G C Lichtenberg: “It is as if our languages were confounded: when we want a thought, they bring us a word; when we ask for a word, they give us a dash; and when we expect a dash, there comes a piece of bawdy.”
Albert Einstein: “I am content in my later years. I have kept my good humor and take neither myself nor the next person seriously.” (To P. Moos, March 30, 1950. Einstein Archives 60-587)
Martin Amis: “Gogol is funny, Tolstoy in his merciless clarity is funny, and Dostoyevsky, funnily enough, is very funny indeed; moreover, the final generation of Russian literature, before it was destroyed by Lenin and Stalin, remained emphatically comic — Bunin, Bely, Bulgakov, Zamyatin. The novel is comic because life is comic (until the inevitable tragedy of the fifth act);...”
Werner Herzog: “We are surrounded by worn-out, banal, useless and exhausted images, limping and dragging themselves behind the rest of our cultural evolution.”
John Gray: "Unlike Schopenhauer, who lamented the human lot, Leopardi believed that the best response to life is laughter. What fascinated Schopenhauer, along with many later writers, was Leopardi’s insistence that illusion is necessary to human happiness."
Justin E.H. Smith: “One should of course take seriously serious efforts to improve society. But when these efforts fail, in whole or in part, it is only humor that offers redemption. So far, human expectations have always been strained, and have always come, give or take a bit, to nothing. In this respect reality itself has the form of a joke, and humor the force of truth.”
विलास सारंग: "… इ. स. 1000 नंतर ज्या प्रकारची संस्कृती रुढ झाली , त्यामध्ये साधारणत्व व विश्वात्मकता हे गुण प्राय: लुप्त झाले...आपली संस्कृती अकाली विश्वात्मक साधारणतेला मुकली आहे."
Sunday, January 14, 2007
This change was outrageous and Tagore himself would have cried foul.
"Jawaharlal Nehru's literary works, turned over toprivate publishers last year (1994), have emerged bestsellers. And the books,re-born with a more stylish and contemporary look, are bringing rich returnsfor their two main royalty owners - his great grandchildren Rahul and Priyanka Gandhi. The copyrights of Nehru's writings, published for decades by OxfordUniversity Press and the National Book Trust and funded by Jawaharlal NehruMemorial Fund and Children's Book Trust, were handed over last year to Penguin India Ltd. So the Gandhi siblings will continue to get 10-15 percent royalty on the sales of these books till 2024. "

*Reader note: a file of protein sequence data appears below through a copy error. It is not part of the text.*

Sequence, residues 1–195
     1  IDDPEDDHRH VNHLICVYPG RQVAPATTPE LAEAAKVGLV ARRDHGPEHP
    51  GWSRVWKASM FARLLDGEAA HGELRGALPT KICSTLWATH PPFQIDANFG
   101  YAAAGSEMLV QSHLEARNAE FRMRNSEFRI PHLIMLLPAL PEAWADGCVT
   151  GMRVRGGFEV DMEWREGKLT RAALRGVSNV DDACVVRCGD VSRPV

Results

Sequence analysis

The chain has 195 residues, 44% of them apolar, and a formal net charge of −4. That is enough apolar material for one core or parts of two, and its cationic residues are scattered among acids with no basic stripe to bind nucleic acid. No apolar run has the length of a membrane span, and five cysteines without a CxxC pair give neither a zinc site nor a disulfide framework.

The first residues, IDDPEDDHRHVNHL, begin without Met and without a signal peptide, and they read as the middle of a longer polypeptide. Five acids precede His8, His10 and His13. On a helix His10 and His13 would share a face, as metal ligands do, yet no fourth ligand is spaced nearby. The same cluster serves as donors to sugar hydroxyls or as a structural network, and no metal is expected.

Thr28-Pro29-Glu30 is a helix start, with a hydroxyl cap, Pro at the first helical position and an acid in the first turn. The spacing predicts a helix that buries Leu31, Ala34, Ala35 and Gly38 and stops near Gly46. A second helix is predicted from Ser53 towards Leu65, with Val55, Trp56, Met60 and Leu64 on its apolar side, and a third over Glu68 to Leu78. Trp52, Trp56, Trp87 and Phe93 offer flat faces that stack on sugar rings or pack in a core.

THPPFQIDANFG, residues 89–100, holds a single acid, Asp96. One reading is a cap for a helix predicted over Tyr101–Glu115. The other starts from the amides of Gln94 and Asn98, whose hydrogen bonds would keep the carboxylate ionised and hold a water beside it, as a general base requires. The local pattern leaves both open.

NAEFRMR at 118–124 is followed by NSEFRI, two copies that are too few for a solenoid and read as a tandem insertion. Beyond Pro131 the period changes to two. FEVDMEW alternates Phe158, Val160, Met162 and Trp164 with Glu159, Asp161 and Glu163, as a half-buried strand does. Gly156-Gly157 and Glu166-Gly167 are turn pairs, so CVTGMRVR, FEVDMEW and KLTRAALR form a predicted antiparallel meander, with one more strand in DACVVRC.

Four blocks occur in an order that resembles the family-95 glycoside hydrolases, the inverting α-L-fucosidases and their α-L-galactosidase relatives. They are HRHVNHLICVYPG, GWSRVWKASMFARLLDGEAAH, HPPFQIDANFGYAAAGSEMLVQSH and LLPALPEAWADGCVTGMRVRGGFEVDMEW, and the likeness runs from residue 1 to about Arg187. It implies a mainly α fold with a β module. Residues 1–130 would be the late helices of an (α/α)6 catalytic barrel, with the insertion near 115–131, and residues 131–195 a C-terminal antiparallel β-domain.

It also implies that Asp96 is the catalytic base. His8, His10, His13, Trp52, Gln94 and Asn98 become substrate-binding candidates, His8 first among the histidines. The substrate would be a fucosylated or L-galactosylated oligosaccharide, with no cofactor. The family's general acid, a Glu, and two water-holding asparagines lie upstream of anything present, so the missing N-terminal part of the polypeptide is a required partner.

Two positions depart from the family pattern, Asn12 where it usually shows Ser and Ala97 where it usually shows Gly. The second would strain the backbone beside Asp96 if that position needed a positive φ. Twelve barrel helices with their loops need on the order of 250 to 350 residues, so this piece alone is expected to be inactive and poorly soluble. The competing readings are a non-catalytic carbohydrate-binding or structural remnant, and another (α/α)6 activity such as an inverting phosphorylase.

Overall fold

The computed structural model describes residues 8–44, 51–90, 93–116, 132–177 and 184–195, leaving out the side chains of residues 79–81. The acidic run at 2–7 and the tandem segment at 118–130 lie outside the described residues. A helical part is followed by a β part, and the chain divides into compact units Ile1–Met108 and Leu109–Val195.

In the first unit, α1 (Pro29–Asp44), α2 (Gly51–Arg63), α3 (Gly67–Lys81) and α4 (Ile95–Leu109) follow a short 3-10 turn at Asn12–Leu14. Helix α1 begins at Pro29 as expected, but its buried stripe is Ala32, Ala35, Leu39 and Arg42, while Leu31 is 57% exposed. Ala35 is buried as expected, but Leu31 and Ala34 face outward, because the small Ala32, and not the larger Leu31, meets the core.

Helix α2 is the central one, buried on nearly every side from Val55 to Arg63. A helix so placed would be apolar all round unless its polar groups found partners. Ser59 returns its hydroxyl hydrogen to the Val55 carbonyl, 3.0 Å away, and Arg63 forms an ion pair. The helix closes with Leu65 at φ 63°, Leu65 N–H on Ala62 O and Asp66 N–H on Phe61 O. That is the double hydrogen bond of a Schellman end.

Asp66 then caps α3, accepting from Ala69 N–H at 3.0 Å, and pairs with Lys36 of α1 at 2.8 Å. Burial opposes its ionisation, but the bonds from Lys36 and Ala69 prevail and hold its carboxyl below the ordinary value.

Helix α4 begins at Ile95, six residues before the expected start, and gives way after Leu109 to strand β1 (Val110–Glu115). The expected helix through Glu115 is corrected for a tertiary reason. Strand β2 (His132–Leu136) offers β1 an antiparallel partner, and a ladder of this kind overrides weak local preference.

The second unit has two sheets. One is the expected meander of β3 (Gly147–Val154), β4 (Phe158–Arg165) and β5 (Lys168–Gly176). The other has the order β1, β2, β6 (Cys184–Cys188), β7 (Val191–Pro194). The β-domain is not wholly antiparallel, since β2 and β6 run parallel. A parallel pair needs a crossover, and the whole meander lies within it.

The Economist (Apr 15th 2004 ) : "Copyright was originally designed to restrict publishers from exerting too much control over information; today it constrains individuals from creating new works".
Lessig says: ".....we come from a tradition of “free culture”—not “free” as in “free beer” (to borrow a phrase from the founder of the freesoftware movement2), but “free” as in “free speech,” “free markets,” “free trade,” “free enterprise,” “free will,” and “free elections.” A free culture supports and protects creators and innovators. It does this directly by granting intellectual property rights. But it does so indirectly by limiting the reach of those rights, to guarantee that follow-on creators and innovators remain as free as possible from the control of the past. A free culture is not a culture without property, just as a free market is not a market in which everything is free. The opposite of a free culture is a “permission culture”—a culture in which creators get to create only with the permission of the powerful, or of creators from the past."
In his famous book "Free Culture" he says: ".......the free culture that I defend in this book is a balance between anarchy and control. A free culture, like a free market, is filled with property. It is filled with rules of property and contract that get enforced by the state. But just as a free market is perverted if its property becomes feudal, so too can a free culture be queered by extremism in the property rights that define it. That is what I fear about our culture